Sometimes the desire to become a parent is complicated by circumstances. Fortunately, there are several ways to start a family. One of these is assisted reproduction.
Three possible methods
Assisted reproduction can occur in three ways: medically assisted reproduction, assisted reproduction with “artisanal” insemination and reproduction with the help of a friend.
Medically assisted reproduction can occur through artificial insemination in a clinic or other medical setting. This method involves taking the donor’s sperm and artificially inseminating it into the woman. Another method is in vitro fertilization, where eggs from the mother-to-be or another woman are fertilized in a laboratory using sperm from the spouse or a donor. The fertilized eggs are then implanted into the woman’s uterus.
If a heterosexual couple receives medical assistance to conceive a child with their own reproductive cells (eggs and sperm cells), this is also considered medically assisted reproduction. However, the rules on filiation by blood apply to determine who are the child’s parents.
Another method is “assisted reproduction with artisanal insemination”, also called “assisted procreation with artisanal insemination”. In this case, the child is conceived via insemination (usually at home) with the help of a sperm donor. This can be done with a syringe, for example.
The third possible method involves asking a friend for help to conceive a child. A single woman, a lesbian couple or a heterosexual couple can use this method. In this case, the woman is naturally inseminated by the friend during sex.
Determining filiation: a “parental project” is required
The law uses the expression “parental project” to refer to a couple’s or a person’s decision to have a child using the sperm or egg of another person. A heterosexual couple, a lesbian couple or a single woman can form a parental project.
The roles are clear in the case of medically assisted reproduction or assisted reproduction with artisanal insemination: the sperm donor or the egg donor has no rights to the child. Instead, the person or persons who formulated the parental project will be the child’s parents under the law.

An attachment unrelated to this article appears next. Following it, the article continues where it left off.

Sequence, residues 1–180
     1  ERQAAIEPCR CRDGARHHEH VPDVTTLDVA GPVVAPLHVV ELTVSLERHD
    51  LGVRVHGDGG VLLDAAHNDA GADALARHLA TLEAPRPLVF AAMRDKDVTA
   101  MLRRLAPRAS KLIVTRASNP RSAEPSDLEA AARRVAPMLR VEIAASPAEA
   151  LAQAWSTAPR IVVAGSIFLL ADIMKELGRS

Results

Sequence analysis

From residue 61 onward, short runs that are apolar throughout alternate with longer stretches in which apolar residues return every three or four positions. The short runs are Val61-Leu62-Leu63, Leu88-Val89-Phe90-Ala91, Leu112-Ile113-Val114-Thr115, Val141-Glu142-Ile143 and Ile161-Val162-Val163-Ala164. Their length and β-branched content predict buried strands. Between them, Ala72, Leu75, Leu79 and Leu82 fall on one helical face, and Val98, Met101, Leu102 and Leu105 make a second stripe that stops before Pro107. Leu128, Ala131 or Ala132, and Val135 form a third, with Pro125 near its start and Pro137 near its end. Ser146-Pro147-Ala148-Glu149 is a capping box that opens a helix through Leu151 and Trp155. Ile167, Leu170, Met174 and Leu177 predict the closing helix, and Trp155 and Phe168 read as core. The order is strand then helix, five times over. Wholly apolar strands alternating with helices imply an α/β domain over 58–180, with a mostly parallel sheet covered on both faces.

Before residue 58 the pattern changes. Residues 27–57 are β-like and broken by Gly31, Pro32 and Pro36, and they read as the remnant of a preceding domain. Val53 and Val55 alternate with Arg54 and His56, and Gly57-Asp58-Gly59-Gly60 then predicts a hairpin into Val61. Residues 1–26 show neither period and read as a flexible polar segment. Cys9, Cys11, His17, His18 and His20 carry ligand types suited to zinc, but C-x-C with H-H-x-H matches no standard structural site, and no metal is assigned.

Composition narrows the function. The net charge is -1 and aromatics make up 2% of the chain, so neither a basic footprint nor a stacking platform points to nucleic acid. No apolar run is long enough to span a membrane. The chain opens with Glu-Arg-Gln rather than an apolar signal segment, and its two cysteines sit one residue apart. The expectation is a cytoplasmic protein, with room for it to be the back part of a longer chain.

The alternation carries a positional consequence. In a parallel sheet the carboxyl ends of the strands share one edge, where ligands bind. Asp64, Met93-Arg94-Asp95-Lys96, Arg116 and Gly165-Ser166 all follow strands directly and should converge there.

The rules are different in the case where a friend helps to conceive the child. In this situation, it’s important to carefully choose the donor/friend. No matter what agreement was reached, the friend has a year after the child’s birth to claim paternity. He can therefore compromise the bond of filiation between the child and the mother’s spouse.
Writing down the parental project
No matter what method is used, it’s a good idea to prepare a signed document where everyone recognizes the existence of the parental project. For instance, nine months or even years later, it can be difficult to prove what everybody’s intentions were at the time the child was conceived.
Surrogate mother: risky in Quebec
A surrogate mother is a woman who agrees to lend her womb to carry the baby. Sometimes she also gives the eggs necessary to conceive the child. Once she delivers the baby, she gives the child to the person or couple who retained her services, whether for free or for payment.
Though it’s not a crime to have a surrogate mother carry a child, paying her for her services is an offence. It’s also an offence to ask a person under the age of 21 to be a surrogate. In addition, the law says that an agreement entered into with a surrogate mother is invalid in Quebec. Therefore, a contract with a surrogate is very risky for these reasons:
- The surrogate mother can decide to keep the baby.
- The clients may decide they no longer want the child.
- If the client’s sperm is used, he will be the child’s father with all the related rights and responsibilities, which may complicate things significantly.
- In the eyes of the law, the surrogate mother is the child’s official mother and she can’t be replaced in this role unless the child is then adopted.
A sperm donor can’t be legally recognized as the parent of a child born via medically assisted reproduction or assisted reproduction with artisanal insemination. Also, any information that could help identify the donor is confidential.
However, there’s an exception if the child’s health could be affected by not having this information. In this case, they can ask the court to make this information available, and the information will be transmitted only to the doctors concerned.
This option is also open to the child’s descendants if they need the information about their genes for the same reasons.